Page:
Dear Editor,

Since the emergence of severe acute respiratory syndrome coronavirus 2 (SARS-CoV-2) in 2019, the virus has continued to evolve resulting in new waves of infection and immune escape in the vaccinated population.1 The Omicron strains belong to newly prevailing variants of concern (VOCs). They acquired as many as 30 mutations in the spike (S) gene and half of which occur at the receptor-binding domain (RBD) of the S protein. Moreover, the Omicron variants can evade neutralization activity by most of the identified anti-SARS-CoV-2 antibodies.2,3 Several reports have suggested that three-dose vaccination mounted better neutralizing activity against Omicron than two-dose vaccination.4 However, it is not clear how breakthrough infection would affect the immune responses of those who had three-dose compared to two-dose vaccination. Here, we compared neutralizing antibody (nAb) levels according to a vesicular stomatitis virus (VSV) pseudovirus-based neutralization assay in people who experienced breakthrough infection after receiving either two or three doses of inactivated SARS-CoV-2 vaccine during the Omicron BA.2 wave in Shanghai between March and June 2022. Strikingly, we found that although nAb titers against SARS-CoV-2 were comparable between the 2-dose and the 3-dose groups of patients with BA.2 breakthrough infection, nAb titers against the Omicron BA.2, BA.4 and BA.5 variants were significantly lower in the 3-dose group. Our data suggest that repeated vaccination with inactivated virus vaccine back-boosts previous memory and dampens the immune response to a new antigenically related but distinct viral strain. Such vaccination-induced immune imprint could reflect the “original antigenic sin” doctrine described in the influenza field, whereby individuals infected with a new circulating viral strain developed a strong immune response to a priorly exposed strain.5 Thus, careful considerations in this aspect should be taken when designing future vaccination and booster strategies.

Since the rollout of vaccine based on the original SARS-CoV-2 strain in early 2021, ~91% of the population in China had received a full primary schedule and 53% of the vaccinated population had received a booster dose.6,7 Despite the high vaccination rate, 0.63 million people were infected during the Omicron BA.2 wave in Shanghai between March and June 2022. The BA.2 variant acquired 29 mutations in the viral S protein including 16 mutations in the RBD region (Supplementary information, Fig. S1a), resulting in the escape from vaccine-induced nAbs. In this study, we tested how vaccination strategies with two or three doses of inactivated virus vaccine followed by infection with BA.2 contributed to nAb activities against the original SARS-CoV-2, the infected strain BA.2, and other circulating variants including BA.4 and BA.5.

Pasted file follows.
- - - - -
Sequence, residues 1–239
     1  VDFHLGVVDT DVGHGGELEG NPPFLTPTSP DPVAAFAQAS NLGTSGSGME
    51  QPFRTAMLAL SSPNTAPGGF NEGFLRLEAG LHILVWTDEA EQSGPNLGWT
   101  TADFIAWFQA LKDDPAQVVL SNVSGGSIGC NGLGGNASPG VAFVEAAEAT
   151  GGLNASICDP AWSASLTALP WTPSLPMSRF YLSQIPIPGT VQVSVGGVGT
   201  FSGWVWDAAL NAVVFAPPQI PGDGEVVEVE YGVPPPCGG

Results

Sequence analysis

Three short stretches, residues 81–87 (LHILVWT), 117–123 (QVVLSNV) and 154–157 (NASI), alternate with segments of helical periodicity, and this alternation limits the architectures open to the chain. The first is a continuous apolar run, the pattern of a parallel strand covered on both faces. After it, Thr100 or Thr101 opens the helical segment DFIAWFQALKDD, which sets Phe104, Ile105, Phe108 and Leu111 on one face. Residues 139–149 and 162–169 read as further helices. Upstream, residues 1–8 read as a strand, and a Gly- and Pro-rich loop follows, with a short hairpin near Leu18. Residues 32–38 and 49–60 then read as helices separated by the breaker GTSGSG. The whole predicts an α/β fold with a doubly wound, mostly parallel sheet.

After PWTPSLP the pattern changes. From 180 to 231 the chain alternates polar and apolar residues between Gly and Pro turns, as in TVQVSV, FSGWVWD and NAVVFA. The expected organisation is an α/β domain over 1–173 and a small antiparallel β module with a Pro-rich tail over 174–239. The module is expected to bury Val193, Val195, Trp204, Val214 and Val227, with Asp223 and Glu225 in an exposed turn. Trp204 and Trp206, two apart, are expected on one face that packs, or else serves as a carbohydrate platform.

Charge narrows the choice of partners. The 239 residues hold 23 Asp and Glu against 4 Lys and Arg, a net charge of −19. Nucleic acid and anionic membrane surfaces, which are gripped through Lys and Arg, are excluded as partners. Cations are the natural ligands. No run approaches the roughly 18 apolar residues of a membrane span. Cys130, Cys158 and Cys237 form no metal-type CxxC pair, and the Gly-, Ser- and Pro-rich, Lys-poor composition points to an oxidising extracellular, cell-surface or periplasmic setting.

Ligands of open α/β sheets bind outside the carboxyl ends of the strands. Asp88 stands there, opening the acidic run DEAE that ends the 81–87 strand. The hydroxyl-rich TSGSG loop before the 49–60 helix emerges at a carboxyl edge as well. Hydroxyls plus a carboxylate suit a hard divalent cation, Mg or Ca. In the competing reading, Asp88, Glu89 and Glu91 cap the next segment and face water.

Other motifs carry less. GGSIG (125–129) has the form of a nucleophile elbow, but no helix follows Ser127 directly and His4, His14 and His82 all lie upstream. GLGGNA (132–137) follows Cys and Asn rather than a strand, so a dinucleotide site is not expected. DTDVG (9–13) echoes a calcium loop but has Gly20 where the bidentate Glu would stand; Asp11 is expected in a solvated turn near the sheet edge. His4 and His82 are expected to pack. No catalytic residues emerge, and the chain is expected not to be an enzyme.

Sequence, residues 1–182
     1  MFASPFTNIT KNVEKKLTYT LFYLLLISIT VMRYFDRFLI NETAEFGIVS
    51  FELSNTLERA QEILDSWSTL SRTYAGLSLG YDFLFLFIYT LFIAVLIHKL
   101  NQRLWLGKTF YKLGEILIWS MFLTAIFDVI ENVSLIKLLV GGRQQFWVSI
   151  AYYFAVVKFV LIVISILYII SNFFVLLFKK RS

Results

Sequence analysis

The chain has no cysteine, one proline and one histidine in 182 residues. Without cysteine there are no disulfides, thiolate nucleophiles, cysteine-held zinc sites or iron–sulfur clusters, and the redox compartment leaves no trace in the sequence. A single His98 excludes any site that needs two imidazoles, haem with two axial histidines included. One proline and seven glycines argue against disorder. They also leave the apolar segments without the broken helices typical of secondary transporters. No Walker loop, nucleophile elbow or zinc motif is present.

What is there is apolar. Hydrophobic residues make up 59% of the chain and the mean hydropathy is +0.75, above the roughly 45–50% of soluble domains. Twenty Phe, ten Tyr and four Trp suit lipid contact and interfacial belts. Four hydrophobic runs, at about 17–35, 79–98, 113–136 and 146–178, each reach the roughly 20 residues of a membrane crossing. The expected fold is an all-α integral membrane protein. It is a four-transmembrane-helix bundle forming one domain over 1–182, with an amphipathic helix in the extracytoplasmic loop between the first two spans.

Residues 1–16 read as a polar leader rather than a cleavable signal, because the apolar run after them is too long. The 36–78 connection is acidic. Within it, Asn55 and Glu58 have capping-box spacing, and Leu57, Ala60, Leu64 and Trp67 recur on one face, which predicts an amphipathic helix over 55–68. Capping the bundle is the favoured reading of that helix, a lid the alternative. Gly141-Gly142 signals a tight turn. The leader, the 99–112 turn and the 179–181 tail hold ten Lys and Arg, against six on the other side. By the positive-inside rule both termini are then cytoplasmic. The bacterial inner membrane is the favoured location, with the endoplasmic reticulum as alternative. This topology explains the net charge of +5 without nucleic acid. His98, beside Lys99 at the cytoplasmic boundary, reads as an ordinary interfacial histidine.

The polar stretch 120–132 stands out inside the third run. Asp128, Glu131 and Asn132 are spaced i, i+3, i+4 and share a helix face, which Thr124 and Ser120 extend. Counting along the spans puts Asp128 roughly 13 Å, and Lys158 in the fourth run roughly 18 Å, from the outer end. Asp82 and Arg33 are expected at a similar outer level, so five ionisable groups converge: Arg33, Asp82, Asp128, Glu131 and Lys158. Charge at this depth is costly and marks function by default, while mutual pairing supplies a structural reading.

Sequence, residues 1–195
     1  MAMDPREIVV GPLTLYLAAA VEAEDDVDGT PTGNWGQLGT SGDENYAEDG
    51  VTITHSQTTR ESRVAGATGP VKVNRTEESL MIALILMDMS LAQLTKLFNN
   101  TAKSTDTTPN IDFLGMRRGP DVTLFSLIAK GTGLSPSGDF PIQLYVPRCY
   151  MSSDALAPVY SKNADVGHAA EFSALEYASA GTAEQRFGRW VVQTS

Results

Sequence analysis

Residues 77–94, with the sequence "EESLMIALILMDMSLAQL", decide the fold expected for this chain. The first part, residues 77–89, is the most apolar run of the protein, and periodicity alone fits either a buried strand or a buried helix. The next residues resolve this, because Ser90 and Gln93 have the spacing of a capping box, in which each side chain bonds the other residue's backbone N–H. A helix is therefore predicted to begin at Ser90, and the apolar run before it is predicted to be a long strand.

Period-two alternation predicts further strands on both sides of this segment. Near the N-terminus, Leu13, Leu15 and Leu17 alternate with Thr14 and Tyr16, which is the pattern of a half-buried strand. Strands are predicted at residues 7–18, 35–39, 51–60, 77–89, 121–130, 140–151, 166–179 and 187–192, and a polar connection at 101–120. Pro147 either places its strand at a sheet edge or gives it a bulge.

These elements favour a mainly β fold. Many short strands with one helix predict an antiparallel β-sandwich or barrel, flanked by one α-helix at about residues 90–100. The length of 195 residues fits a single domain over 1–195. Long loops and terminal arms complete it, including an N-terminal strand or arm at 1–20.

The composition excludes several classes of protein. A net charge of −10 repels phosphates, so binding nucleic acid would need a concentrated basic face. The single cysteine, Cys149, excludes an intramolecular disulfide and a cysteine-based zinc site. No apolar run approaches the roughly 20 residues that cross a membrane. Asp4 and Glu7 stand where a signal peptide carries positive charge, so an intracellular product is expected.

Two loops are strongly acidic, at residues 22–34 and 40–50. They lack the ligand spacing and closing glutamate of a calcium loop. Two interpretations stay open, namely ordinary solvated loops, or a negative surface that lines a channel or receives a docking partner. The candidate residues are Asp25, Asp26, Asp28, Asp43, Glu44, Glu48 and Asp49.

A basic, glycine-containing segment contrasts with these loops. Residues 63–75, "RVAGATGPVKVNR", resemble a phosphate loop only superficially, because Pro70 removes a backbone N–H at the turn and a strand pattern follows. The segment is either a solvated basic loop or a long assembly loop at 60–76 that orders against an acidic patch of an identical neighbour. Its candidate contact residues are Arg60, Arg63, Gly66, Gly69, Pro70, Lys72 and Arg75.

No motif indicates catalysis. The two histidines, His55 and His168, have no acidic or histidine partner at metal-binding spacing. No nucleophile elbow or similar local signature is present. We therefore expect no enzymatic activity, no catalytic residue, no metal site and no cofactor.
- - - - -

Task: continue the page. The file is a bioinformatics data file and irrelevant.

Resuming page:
Out of the 135 serum samples collected from BA.2-infected patients in Shanghai, 24 people had never received any SARS-CoV-2 vaccination, 56 people had received two doses of inactivated SARS-CoV-2 vaccine, while the remaining 55 people had received three doses of inactivated SARS-CoV-2 vaccine prior to BA.2 infection or breakthrough infection (Fig. 1a). This study cohort consisted of 64 male and 71 female patients with ages of 22–96 years old (84% of the patients were > 50 years old) (Supplementary information, Fig. S1b and Table S1). Serum samples were collected within 38 days of SARS-CoV-2 virion-positive test date, where the average was 9 days for both the 2-dose and 3-dose vaccinated groups (Supplementary information, Table S2). 62 of the patients had pre-existing comorbidities, amongst whom 25 had received 2 doses of vaccine and 24 had received 3 doses of vaccine (Supplementary information, Table S3). While the unvaccinated group presented several severe clinical symptoms, the 2-dose and 3-dose groups mostly presented mild symptoms (Fig. 1b; Supplementary information, Table S4).

Fig. 1: Comparisons of pseudovirus neutralizing titers in BA.2-infected individuals with different vaccination backgrounds.
figure 1

a The schematic diagram shows the number of unvaccinated, 2-dose and 3-dose vaccinated individuals prior to BA.2 infection or breakthrough infection. b The stacked bars represent the proportion of all BA.2-infected patients, presenting with the indicated clinical symptoms. The numbers shown in the bar and above the bar represent the percentages of people with the indicated clinical symptoms and the total number of people in each vaccination group, respectively. Two-tailed χ2 tests were performed in b. ****P < 0.0001; ns, not significant. c The percentages of individuals with the indicated pVNT50 values in SARS-CoV-2, BA.2, BA.4 and BA.5 pseudovirus neutralization assays are displayed. d Box plots show the pVNT50 values of samples that are above the detection limit. Each black dot represents a sample. The whiskers show the minimum and maximum pVNT50 titers. The line in the box represents median. The GMTs of each group are indicated in numbers on the top of each box plot. Black dotted line represents the detection threshold. e The ratio of the GMTs of the 2-dose or 3-dose group over the unvaccinated group is shown. Orange numbers indicate the ratio of the GMT of the 3-dose group over the unvaccinated group. Green numbers indicate the ratio of the GMT of the 2-dose group over the unvaccinated group. Statistical analysis was performed using unpaired two-tailed Mann-Whitney tests. *P < 0.05; ns, not significant.